• DAA : It is Decimal Adjust Accumulator. The contents of accumulator are changed from a binary value to two 4 bit BCD digit. It uses auxiliary flag to perform BCD conversion. All flags are modified. If value of lower order 4 bits in accumulator is greater than 9 or if Auxiliary Carry is set, the instruction adds 6 to lower order 4 bit.

 

3. Logical Operations - These type of instructions are used for performing logical operations like AND, OR, EX-OR, rotate, compare and complement with the contents of accumulator. Results are stored in accumulator.

  • CMP : Compare contents of register or memory with accumulator by performing subtraction. Eg: CMP B.
  • CPI : Compare immediate data with accumulator. Eg: CPI 45.
  • ANA : Logical AND register or memory with accumulator. Eg: ANA B.
  • ANI : Logically AND the contents of accumulator & 8 bit data and result is stored in accumulator. Eg: ANI 24.
  • XRA : Exclusive OR the contents of memory or register with accumulator. All flags are modified and CY, AC are reset. Eg: XRA B.
  • XRI : 8 bit data/ operand is exclusicve ORed with accumulator and stored in accumulator. Eg: XRI 45.
  • ORA : Logically ORed contents of accumulator with register or memory. All flags are modified. Eg: ORA M.
  • ORI : Logically ORed 8 bit data with contents of accumulator. Eg: ORI 45.
  • RLC : Each bit of accumulator is rotated left by one position. CY is modified according to bit D7 and remaining not affected.
  • RRC : Each bit of accumulator is rotated right by one position. CY is modified according to bit D0 and remaining not affected.
  • RAL : Each bit of accumulator is rotated left through carry flag. Bit D7 is placed in carry flag and carry flag is placed at D0. Remaining flag are not modified.
  • RAR : Each bit of accumulator is rotated right through carry flag. Bit D0 is placed in carry flag and carry flag is placed at D7. Remaining flag are not modified.
  • CMA : The contents of accumulator are complemented. This means 0 is changed to 1 or vice-versa.
  • CMC : The contents of carry flag are complemented. This means reset(0)-> set(1).
  • STC : The carry flag is set to 1 & remaining are unaffected.

 

4. Branching Control Operations - These types of instructions can change the sequence of program either conditionally or unconditionally. Conditional instructions can make the program to jump to that particular memory location if condition is satisfied while unconditional instructions will always make the program to jump as soon as the instruction arrives.

  • JMP : It is Jump Unconditionally. The program sequence is transferred to memory location specified by 16 bit address. Eg: JMP 2034.
  • Jump Conditionally : These are JC (jump on carry), JNC (jump on no carry, CY=0), JP (jump on positive, S=0), JM (jump on negative, S=1), JZ (jump on zero, Z=1), JNZ (jump on no zero, Z=0), JPE (jump on parity even, P=1), JPO (jump on parity odd, P=0). Eg: JC2043
  • CALL : It in Unconditional subroutine call. The program sequence is transferred to memory location specified by 16 bit address. Before the transfer, the address of next instruction after CALL is stored/pushed into stack. Eg: CALL 2034.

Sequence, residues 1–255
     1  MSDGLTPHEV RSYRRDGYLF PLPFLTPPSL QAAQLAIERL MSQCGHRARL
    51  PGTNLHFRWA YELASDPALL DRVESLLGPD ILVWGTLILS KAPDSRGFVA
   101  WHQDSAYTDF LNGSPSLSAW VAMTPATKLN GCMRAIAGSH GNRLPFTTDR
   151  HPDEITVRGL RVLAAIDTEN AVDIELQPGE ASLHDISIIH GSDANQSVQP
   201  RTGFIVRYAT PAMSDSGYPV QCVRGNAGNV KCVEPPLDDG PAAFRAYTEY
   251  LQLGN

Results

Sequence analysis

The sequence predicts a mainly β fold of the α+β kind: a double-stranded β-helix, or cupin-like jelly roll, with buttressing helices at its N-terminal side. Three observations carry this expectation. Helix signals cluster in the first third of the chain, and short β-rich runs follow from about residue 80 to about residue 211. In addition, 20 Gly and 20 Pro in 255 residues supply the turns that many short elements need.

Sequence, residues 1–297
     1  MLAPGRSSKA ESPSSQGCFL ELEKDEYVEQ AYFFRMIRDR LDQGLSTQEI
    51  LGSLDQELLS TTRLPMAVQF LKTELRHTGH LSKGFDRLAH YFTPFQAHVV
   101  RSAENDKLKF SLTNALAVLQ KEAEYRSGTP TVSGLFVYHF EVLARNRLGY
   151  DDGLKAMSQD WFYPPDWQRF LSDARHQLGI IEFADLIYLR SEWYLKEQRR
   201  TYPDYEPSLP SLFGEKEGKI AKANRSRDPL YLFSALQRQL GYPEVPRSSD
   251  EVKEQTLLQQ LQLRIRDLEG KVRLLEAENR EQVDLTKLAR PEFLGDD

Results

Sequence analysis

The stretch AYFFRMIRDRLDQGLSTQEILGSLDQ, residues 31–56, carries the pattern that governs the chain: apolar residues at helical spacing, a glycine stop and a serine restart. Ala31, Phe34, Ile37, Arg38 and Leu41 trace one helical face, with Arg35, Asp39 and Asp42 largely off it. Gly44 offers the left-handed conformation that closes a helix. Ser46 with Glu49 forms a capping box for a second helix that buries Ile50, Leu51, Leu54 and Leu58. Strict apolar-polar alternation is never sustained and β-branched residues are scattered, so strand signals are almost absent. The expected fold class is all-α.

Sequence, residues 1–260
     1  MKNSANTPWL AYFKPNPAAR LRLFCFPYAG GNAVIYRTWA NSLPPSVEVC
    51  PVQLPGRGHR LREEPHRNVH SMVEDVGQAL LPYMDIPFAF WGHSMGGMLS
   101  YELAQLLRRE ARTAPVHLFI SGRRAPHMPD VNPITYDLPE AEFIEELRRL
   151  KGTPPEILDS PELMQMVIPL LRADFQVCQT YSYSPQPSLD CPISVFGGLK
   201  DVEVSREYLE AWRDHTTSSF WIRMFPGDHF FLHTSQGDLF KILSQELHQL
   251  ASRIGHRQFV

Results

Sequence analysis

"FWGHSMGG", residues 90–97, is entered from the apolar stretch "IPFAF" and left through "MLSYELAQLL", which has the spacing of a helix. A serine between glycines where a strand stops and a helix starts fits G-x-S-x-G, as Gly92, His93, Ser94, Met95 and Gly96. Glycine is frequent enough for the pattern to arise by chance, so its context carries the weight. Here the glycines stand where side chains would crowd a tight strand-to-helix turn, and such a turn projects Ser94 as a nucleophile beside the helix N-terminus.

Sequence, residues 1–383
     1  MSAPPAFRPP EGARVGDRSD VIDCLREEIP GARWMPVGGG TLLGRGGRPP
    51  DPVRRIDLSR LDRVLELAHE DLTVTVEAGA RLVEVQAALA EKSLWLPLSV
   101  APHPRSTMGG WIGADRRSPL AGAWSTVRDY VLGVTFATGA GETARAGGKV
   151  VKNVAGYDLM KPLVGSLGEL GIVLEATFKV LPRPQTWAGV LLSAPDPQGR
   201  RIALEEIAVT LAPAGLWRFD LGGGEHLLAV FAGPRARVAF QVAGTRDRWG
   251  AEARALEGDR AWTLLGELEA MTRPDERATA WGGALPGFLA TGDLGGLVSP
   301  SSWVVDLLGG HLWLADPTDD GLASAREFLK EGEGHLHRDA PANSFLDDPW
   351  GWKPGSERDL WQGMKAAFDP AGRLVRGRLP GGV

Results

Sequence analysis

• Call Conditionally : These are CC, CNC, CP, CM, CZ, CNZ, CPE, CPO. Eg: CC 2034.
  • RET : Return from subroutine unconditionally
  • Return Conditionally : These are RC, RNC, RP, RM, RZ, RNZ, RPE, RPO.

 

5. Stack, I/O & Machine Control Operations - These instructions communicate with Input/ Output Ports and control machine functions such as Halt, Interrupt, or do nothing. In this port address of Input & Output devices are exchanged with accumulator.

  • IN : Input data to accumulator from port with 8 bit address. The contents of input port designated by 8 bit address (operand) are read and loaded into accumulator. Eg: IN 82.
  • OUT : Output data from accumulator to port with 8 bit address. Contents of accumulator are copied into I/O port specified by operand. Eg: OUT 87.
  • SPHL : It copies HL registers to stack pointers. The instruction loads of contents of H & L register into stack pointer register. H to higher order address and L to lower order address.
  • XTHL : The contents of L register are exchanged with stack location pointed out by contents of stack pointer register. The contents of H register are exchanged with next stack location. The contents of source register are not altered.
  • PUSH : The contents of register pair are copied onto stack. The stack pointer is decremented & contents of higher order register are copied onto that location. The stack pointer is decremented by 1 and contents of lower order register are copied to that location. Eg: PUSH B.
  • POP : The contents of memory location pointed out by stack pointer register are copied to lower order register. The stack pointer is incremented by 1 & contents of that memory location are copied to higher order register. The stack pointer is again incremented by 1. Eg: POP H.

Programming is taught using these instructions and addressing modes. Subroutine is also studied. Subroutine is a group of instructions that performs a subtask (e.g.: time delay or arithmetic operations) of repeated occurrence. This unit can then be used in programs wherever that particular task have to be performed. A subroutine is often coded so that it can be called several times & then branch back to next instruction after call once the subroutine's task is done.

Counters are designed by loading an appropriate number into one of the registers and using increment or decrement instructions (INR / DCR) loop is being continued. It count number of electrical pulses. To count certain events electrical pulses is proportional to number of events generated for counting.

Time delays are used in setting up accurate timing between two events. A time delay is designed by using a register which is loaded with a number or delay count, depending on the time delay required and setting a loop with a conditional jump instruction to decrease the count until it reaches zero.